Drive To Survive
How Formula 1 turned to content to drive massive growth
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Storytelling is a massive competitive advantage as tech and even capital become commoditized. Here, we’ll explore the tactics used by the best storytellers in the world to grow their businesses.
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In recent memory, no content series has been more influential, both on culture and bottom line, than Formula 1’s Drive to Survive Netflix docuseries.
To understand the impact of DTS, let's work backward from Formula 1's acquisition by Liberty Media in late 2016 at a valuation of ~$8 billion.
Worldwide viewership decreased from 500 million in 2012 to 390 million in 2016 (22% decrease)
A sale of F1 equity in 2012 valued the series at over $9 billion, meaning the series lost 11% of its value from 2012 to 2016 while other sports leagues boomed.
We could dig into more numbers, but F1's former CEO summed up the series' issues perfectly with this statement:
When Liberty Media acquired Formula 1 in late 2016, its first order of business became 'addressing the US issue.' To do this, it planned to position F1 as a content company.
Expanded focus on social channels
Launched Formula 1 esports in 2017
Signed deal with Netflix for a docuseries in 2018
The Netflix deal got little attention and many in F1 thought it was dumb. In fact, the two biggest teams at the time (Mercedes and Ferrari) refused to participate.
I think this was a blessing in disguise.
It forced Drive To Survive to introduce viewers to all 10 teams and 20 drivers, instead of just the ones at the top.
What Drive To Survive did so damn well: Box To Box Films, the production company behind DTS, understands conflict and storytelling better than anyone. They took a traditional sport where all of the action takes place in the car with a helmet on and flipped that on its head.
DTS features less than 20% of track time, meaning more than 80% is off the track -- actual looks into the lives of the drivers both within the team and, occasionally, at home.
Takeaway #1: The cliché "people follow people" has some truth to it, and the brands that incorporate this will outperform.
Another unique aspect of Formula 1 is the two championships setup: one for the best individual driver and one for the best team.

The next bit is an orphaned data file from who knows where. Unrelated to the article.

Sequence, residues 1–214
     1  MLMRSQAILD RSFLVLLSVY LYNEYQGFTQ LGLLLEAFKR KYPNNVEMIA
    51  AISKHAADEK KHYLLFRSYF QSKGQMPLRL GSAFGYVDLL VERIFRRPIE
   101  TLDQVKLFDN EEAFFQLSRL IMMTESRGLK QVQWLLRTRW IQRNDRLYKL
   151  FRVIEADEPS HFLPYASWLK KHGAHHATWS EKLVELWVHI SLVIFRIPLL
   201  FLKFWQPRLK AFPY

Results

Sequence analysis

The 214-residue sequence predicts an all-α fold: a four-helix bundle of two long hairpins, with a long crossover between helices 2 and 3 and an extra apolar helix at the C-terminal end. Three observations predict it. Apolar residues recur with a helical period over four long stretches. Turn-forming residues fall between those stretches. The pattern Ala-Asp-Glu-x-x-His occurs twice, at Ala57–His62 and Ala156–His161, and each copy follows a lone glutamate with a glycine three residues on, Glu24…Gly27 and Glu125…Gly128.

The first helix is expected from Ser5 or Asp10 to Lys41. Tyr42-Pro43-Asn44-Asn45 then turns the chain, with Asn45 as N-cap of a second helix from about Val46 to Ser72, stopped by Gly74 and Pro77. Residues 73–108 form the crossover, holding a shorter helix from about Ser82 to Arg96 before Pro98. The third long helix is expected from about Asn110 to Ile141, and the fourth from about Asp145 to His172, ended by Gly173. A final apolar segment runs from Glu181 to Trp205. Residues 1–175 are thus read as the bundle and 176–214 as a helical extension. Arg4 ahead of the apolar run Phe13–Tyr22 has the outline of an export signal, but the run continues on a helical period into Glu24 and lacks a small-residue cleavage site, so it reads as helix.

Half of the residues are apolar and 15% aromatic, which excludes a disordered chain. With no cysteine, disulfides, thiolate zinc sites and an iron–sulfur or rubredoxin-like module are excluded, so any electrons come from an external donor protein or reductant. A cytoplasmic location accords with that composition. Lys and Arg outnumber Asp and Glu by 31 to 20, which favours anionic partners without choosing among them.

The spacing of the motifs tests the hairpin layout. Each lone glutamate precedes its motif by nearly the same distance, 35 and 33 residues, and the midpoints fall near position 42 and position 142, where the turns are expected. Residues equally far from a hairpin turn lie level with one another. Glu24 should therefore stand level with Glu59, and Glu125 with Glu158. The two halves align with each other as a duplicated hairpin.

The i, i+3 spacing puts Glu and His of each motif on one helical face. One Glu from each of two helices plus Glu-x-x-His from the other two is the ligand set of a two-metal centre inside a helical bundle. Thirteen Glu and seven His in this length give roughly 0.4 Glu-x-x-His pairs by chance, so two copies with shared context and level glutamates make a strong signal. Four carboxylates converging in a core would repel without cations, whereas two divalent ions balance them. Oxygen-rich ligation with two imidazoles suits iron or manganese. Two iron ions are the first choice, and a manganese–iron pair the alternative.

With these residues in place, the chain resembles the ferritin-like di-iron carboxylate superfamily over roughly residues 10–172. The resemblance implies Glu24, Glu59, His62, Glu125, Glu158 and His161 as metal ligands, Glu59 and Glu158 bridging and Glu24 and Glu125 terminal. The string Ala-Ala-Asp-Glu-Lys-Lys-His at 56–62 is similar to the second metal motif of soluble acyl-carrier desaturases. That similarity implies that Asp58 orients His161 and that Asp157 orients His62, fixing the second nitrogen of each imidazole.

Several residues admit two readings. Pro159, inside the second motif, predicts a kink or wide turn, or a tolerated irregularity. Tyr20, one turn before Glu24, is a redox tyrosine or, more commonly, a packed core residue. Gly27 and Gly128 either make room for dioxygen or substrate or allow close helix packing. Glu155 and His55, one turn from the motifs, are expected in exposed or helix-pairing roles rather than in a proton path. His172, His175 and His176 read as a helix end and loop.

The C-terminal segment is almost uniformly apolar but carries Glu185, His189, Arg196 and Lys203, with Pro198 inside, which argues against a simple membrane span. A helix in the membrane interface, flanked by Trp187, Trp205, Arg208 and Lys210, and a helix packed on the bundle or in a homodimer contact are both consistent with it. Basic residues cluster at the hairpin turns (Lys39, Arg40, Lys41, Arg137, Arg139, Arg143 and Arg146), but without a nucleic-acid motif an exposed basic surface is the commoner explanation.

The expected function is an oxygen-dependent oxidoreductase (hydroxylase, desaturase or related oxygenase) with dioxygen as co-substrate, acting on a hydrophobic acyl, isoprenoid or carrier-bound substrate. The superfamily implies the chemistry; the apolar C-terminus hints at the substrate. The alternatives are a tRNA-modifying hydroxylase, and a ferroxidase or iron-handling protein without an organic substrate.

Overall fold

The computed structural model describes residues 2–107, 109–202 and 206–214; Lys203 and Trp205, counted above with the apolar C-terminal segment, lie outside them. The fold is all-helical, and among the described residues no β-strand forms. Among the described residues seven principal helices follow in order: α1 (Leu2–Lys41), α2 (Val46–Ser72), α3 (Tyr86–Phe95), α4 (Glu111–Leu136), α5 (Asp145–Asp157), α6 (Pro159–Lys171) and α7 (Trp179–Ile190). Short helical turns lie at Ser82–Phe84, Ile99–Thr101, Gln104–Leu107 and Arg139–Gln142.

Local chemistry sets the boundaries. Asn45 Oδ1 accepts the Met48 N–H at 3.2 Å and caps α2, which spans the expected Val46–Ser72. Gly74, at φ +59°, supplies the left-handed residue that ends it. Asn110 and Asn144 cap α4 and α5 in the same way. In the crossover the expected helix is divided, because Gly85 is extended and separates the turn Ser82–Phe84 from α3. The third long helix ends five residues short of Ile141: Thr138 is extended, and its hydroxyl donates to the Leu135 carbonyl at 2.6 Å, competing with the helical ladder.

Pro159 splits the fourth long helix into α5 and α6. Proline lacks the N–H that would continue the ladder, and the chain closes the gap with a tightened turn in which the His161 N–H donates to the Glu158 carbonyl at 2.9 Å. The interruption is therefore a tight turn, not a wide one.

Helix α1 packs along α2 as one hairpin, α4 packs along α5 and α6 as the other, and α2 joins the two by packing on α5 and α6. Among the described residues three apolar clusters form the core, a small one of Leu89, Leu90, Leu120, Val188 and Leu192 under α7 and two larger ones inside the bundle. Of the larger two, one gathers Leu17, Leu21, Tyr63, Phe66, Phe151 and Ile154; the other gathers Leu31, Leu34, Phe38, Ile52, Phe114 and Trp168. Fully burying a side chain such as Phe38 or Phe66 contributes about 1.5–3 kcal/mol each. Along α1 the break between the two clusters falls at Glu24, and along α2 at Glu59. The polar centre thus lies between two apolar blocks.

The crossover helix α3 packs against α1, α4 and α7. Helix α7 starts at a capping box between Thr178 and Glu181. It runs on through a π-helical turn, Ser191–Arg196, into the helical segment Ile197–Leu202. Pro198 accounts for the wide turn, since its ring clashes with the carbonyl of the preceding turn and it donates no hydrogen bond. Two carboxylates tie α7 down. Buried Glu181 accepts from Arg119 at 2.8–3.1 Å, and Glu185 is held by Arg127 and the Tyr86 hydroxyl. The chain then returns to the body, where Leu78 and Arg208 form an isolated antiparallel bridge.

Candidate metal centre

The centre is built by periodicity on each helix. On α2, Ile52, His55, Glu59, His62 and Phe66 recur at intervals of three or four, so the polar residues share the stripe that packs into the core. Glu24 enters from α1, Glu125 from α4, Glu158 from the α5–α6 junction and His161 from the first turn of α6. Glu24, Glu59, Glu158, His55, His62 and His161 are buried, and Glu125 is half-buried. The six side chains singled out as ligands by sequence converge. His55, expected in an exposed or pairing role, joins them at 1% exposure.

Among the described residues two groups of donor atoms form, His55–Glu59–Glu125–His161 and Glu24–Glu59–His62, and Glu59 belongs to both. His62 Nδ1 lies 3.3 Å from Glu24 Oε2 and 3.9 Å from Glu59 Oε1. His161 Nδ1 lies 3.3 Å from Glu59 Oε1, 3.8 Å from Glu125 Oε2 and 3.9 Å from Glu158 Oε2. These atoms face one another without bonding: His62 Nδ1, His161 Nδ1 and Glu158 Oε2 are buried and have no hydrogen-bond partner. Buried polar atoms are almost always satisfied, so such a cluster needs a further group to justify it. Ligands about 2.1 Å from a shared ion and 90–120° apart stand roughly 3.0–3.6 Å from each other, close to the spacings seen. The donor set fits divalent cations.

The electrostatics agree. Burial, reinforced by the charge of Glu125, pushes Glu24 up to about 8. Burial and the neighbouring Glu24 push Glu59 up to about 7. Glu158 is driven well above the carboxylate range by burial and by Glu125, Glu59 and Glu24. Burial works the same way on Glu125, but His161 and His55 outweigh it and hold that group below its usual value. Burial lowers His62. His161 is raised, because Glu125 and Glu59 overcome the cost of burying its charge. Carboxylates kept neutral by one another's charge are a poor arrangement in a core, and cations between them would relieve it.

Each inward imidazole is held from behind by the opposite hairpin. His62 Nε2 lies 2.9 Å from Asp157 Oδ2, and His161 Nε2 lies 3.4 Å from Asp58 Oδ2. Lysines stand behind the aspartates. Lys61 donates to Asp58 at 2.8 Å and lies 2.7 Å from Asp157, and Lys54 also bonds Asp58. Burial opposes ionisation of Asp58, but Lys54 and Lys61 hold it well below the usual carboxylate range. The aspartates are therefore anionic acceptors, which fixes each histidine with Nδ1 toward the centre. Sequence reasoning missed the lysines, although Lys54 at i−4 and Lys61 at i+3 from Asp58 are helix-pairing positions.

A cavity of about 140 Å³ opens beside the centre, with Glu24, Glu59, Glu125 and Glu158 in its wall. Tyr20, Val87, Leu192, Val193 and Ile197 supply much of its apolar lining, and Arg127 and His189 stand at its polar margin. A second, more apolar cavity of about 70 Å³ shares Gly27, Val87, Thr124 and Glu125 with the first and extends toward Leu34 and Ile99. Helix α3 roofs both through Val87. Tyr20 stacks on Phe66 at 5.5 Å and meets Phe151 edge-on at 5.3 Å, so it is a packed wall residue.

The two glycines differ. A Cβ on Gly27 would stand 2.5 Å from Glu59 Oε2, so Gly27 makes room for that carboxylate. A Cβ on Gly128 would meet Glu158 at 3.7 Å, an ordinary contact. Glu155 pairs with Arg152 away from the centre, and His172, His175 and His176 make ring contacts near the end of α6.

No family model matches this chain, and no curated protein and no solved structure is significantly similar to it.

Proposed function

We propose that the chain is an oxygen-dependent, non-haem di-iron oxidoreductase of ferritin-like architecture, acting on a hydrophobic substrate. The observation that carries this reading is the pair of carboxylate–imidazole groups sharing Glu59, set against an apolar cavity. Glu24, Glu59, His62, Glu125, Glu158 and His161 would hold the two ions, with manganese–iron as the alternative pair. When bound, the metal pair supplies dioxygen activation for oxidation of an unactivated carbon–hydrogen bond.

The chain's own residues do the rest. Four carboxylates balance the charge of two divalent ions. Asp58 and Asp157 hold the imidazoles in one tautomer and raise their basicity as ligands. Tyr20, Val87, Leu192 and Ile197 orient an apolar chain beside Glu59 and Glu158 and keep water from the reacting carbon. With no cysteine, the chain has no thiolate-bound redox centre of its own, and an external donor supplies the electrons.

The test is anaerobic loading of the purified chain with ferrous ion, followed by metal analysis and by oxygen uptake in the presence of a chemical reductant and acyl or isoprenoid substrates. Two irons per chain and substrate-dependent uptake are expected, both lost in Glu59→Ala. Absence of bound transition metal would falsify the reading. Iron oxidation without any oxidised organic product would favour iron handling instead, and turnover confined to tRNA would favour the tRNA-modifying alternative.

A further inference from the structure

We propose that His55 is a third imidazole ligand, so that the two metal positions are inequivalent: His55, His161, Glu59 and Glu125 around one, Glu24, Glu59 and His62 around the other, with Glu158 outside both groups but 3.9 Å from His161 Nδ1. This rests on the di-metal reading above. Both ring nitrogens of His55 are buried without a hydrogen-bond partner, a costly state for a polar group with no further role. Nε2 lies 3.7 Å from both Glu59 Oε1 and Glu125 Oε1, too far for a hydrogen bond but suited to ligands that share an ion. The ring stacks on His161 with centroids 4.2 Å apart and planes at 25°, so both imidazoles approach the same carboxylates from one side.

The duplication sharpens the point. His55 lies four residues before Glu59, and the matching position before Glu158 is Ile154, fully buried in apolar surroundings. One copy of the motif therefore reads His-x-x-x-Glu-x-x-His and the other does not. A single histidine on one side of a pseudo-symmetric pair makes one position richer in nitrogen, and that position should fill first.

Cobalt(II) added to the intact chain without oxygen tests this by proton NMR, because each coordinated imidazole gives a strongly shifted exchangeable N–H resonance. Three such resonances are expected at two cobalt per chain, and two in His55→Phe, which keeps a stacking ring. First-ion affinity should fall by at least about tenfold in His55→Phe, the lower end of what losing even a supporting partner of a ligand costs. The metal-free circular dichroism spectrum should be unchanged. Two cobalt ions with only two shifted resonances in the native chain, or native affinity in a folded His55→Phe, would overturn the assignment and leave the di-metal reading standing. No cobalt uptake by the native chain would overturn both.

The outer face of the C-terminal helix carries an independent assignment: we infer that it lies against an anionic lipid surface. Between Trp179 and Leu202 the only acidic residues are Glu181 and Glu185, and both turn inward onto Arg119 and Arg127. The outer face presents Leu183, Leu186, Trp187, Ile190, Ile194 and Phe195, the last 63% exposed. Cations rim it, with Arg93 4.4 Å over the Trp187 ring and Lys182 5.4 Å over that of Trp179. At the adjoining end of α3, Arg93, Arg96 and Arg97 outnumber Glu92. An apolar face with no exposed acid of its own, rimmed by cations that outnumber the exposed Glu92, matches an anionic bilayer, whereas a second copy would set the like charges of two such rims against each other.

Given that an F1 team is made up of two drivers, your biggest rival becomes your teammate.
Drive To Survive hones in on this conflict during each season:
Verstappen / Ricciardo
Hamilton / Bottas
Norris / Ricciardo
Only one other driver has the EXACT SAME car as you – your teammate. If someone else beats you, you have an excuse… But if your teammate beats you, he was simply better than you.
What other sport has this dynamic? I can't think of any.
As a viewer, it makes for incredible TV.
Takeaway #2: Lean into what makes yourself, your business, and your content unique.
The criticism: Max Verstappen, the reigning world champ, recently accused DTS of ‘dramatizing’ F1. He’s not wrong.
It’s the same tactic used by Hard Knocks and the Ultimate Fighter.
Identify season-long storylines
Magnify the drama
The results are staggering. Since Drive To Survive launched in 2019, F1 has seen:
40% increase to US viewership
7 of the 10 most-watched races ever
The most-attended race ever – 400,000 at the US Grand Prix in Austin
And F1’s tripling down on the US, starting with the Miami Grand Prix in 2022 and the Las Vegas Grand Prix in 2023.
Takeaway #3: Double down on what works.
Drive To Survive's success has translated directly to dollars. Formula 1’s valuation has gone from $8B to $13B in just 3 years (63% increase). Plus, teams are seeing an inflow of cash from the biggest brands in the world.
And it's not just success in the US market or with men:
It's crazy to think just how much the Netflix effect is growing F1 globally, not only in the US.
The @ausgrandprix sold out in record time. And according to race organizers, 40% of this year’s tickets have been sold to *women* compared with 25 percent in years past.
— Vincenzo Landino (@vincenzolandino)
Mar 29, 2022
Another aspect to appreciate here is timing: Season 4 of Drive To Survive was released two weeks before the first race of the 2022 season, reaching the top spot on Netflix the days leading up to the race.
That timing, in part, led to the Bahrain Grand Prix's record 1.35 million US viewers and 70.3 million globally. To put that in context, that's ~70% of the Super Bowl's viewership for the first of 23 total races.
But what shocked me?
Netflix actually pays Formula 1 a licensing fee for Drive To Survive. Essentially, F1 gets paid to air one of the best commercials ever.
A message from... Me!
The interest in this tweet blew me away...
One way to become a better storyteller:
Take your two favorite authors. I recommend one non-fiction and one fiction.
Copy, word for word, their best work. Do it by hand.
I chose Paul Kalanithi and Neil Gaiman.
It’s the single exercise that improved my writing the most.
— Nathan Baugh 🗺️ (@nathanbaugh27)
Jan 5, 2023
In my experience, there are two ways to get good at storytelling:
Study the greats (what this newsletter is for)
Practice, practice, practice
I do a lot of practice through StoryWork.
And so many of you liked, commented, and sent me DMs about the practice I decided to turn it into a guided course for you.
Check it out:
up your game
A few resources I found helpful this week, which you may too:
Related: Trung Phan's incredible thread on why Red Bull, known as an energy drink company, owns an F1 team.
Not related at all: On Writing by Stephen King is the best resource to become a better writer I've ever found.
Do you think the upcoming Netflix docuseries will be as successful as Drive To Survive? Hit me with all the hot takes.